The money has run out, huh?

        The MOA board was able to raise 52 million dollars, that’s $52,000,000.00, to redo the lobby of Orchestra Hall, all during the worst recession in anyone’s lifetime.

        Nuff said.

      • Gary Swadlincote says:


        Characterizing the Minnesota Orchestra (or any other full-time, world-class orchestra) as a “hobby” confirms my impression of you gleaned from your other comments on this topic.

        You are a troll and perhaps also a Randian who believes that Thatcher didn’t go nearly far enough in her destruction of the National Union of Mineworkers. But definitely a troll.

        Obviously the money hasn’t run out. The organization running this “hobby” hasn’t dissolved into bankruptcy. Both the management of this “hobby” organization and the workmen renovating their “hobby” hall are still being paid with paychecks which aren’t bouncing.

  3. George London says:

    So why do we care what the head beurocrat thinks about a dispute between two private groups.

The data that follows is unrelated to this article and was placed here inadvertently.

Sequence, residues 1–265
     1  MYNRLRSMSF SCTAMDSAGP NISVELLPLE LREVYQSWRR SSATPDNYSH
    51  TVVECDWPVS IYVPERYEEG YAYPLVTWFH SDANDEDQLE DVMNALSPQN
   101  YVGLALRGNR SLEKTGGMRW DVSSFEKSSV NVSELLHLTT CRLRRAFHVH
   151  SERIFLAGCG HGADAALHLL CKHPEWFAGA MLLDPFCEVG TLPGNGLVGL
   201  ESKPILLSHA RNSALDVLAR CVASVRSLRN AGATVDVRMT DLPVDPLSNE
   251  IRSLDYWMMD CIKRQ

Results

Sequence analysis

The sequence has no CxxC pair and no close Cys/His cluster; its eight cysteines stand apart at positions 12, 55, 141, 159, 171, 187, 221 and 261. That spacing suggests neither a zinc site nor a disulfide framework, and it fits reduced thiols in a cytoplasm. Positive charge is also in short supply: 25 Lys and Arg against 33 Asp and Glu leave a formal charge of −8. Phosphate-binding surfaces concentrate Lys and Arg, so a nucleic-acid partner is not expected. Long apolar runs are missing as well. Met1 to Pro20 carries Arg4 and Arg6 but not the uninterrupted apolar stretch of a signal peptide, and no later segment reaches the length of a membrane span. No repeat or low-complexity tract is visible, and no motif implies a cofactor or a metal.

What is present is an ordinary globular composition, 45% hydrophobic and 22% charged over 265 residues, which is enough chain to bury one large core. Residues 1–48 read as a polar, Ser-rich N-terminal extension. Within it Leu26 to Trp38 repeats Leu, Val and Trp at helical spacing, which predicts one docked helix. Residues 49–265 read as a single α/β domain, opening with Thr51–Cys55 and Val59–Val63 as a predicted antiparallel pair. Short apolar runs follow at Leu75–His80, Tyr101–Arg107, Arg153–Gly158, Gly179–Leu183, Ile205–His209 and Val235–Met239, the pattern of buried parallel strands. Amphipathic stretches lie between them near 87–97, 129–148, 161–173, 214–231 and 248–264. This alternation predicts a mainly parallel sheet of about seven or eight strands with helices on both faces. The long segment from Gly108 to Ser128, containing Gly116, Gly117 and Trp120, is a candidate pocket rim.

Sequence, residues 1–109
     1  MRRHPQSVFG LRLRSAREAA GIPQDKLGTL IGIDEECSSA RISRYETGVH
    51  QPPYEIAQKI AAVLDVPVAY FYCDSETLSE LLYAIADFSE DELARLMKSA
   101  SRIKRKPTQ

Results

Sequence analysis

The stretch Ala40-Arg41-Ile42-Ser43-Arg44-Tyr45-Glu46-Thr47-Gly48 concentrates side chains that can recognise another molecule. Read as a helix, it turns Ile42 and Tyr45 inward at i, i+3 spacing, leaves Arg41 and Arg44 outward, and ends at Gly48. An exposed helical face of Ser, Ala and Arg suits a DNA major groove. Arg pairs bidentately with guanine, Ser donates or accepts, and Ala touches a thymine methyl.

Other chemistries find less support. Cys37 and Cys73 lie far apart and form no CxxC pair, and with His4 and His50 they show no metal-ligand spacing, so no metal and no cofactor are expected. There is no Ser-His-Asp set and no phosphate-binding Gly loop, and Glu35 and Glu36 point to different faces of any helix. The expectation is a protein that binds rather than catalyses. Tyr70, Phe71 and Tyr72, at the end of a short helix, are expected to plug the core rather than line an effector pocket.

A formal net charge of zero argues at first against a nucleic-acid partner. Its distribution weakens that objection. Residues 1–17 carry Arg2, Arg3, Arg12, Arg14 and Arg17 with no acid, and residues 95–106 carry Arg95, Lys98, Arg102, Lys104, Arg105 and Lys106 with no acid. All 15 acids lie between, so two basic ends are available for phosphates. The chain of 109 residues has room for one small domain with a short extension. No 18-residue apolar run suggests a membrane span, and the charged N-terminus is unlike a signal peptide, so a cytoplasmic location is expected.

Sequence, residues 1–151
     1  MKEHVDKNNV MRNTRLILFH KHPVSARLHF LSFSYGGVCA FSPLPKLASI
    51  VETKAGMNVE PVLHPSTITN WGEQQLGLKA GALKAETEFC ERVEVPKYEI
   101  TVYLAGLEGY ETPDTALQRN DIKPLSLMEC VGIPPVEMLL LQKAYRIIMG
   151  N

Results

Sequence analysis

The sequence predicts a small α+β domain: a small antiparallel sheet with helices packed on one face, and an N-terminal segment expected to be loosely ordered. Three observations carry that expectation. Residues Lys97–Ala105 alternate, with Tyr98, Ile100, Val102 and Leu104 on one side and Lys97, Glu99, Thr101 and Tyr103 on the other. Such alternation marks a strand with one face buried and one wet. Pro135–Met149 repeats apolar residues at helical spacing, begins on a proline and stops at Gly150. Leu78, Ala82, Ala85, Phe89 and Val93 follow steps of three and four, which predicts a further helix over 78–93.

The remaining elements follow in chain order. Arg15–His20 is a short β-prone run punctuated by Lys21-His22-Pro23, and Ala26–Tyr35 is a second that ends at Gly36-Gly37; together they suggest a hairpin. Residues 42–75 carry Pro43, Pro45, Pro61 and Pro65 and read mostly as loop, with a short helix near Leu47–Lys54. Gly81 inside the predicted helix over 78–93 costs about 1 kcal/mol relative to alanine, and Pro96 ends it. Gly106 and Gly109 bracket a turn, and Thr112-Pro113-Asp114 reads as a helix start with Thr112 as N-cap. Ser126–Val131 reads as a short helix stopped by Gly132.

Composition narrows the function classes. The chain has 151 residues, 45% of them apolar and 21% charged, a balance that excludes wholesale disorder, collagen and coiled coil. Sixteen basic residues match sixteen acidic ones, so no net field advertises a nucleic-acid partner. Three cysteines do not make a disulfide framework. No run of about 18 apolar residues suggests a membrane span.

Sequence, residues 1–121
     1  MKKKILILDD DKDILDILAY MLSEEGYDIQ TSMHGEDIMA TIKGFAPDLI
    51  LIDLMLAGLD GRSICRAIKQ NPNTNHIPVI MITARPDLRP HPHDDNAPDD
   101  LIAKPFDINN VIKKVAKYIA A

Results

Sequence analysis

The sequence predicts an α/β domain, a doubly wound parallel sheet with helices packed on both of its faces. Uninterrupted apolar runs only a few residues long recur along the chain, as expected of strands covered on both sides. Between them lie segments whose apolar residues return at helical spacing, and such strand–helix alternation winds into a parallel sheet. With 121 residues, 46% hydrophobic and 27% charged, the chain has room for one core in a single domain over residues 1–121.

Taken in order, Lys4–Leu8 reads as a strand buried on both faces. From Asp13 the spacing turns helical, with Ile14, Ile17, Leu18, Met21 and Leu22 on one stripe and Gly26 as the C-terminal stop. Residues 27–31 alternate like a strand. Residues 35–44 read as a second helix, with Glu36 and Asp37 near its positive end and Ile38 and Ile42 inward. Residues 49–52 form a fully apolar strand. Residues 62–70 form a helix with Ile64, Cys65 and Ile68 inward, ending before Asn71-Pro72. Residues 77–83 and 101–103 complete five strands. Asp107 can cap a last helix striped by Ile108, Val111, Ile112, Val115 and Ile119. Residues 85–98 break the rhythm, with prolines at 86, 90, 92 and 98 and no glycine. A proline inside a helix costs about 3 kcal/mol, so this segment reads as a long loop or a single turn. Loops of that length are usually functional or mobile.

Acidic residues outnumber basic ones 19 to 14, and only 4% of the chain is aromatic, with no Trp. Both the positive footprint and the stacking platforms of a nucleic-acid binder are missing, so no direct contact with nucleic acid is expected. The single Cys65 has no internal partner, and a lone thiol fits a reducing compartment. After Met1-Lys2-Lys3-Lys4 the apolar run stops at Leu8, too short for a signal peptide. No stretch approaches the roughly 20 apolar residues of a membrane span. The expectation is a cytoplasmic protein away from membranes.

You have one group that decided to pool their money, donations and sell tickets and form an entity to support classical music.

    That group then hires musicians to play.

    The musicians can decide if that is the right amount of money or not.

    If not the musicians can move on to a place that can afford them.

    No reason or place for the governor, it is prett simple.

    This just a group of people who like as a hobby to listen to classical music.

    • James Brinton says:

      And the trolls appear to defend the poor hobbyists against the sinister forces of “socialist unionism.”
      I wonder why nobody in management “cried poverty” when this happened:
      “On April 9, 2010, plans were revealed for a $40 million renovation and expansion. The lobby and public areas will be doubled in size and the current utilitarian exterior will be replaced with stone and glass. A grand new entrance will also be added. KPMB of Toronto are the architects and MBJ of Minneapolis are the structural engineers. Construction began in June 2012 and will reopen in late summer of 2013.”